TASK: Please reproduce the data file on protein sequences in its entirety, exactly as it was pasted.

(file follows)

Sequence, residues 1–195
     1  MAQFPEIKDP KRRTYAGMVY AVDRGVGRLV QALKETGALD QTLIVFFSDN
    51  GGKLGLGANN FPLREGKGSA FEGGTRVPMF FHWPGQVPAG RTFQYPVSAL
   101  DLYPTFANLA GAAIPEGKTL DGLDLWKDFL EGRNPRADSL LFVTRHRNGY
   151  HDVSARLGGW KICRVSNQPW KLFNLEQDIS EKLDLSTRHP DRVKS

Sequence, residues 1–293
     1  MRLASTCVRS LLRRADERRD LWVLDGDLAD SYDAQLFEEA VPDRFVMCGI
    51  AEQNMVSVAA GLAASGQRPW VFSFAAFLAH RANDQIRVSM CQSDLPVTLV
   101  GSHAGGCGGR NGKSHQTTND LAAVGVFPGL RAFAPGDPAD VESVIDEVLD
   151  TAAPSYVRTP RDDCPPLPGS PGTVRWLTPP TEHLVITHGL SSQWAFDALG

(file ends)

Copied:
Sequence, residues 1–195
     1  MAQFPEIKDP KRRTYAGMVY AVDRGVGRLV QALKETGALD QTLIVFFSDN
    51  GGKLGLGANN FPLREGKGSA FEGGTRVPMF FHWPGQVPAG RTFQYPVSAL
   101  DLYPTFANLA GAAIPEGKTL DGLDLWKDFL EGRNPRADSL LFVTRHRNGY
   151  HDVSARLGGW KICRVSNQPW KLFNLEQDIS EKLDLSTRHP DRVKS

Sequence, residues 1–293
     1  MRLASTCVRS LLRRADERRD LWVLDGDLAD SYDAQLFEEA VPDRFVMCGI
    51  AEQNMVSVAA GLAASGQRPW VFSFAAFLAH RANDQIRVSM CQSDLPVTLV
   101  GSHAGGCGGR NGKSHQTTND LAAVGVFPGL RAFAPGDPAD VESVIDEVLD
   151  TAAPSYVRTP RDDCPPLPGS PGTVRWLTPP TEHLVITHGL SSQWAFDALG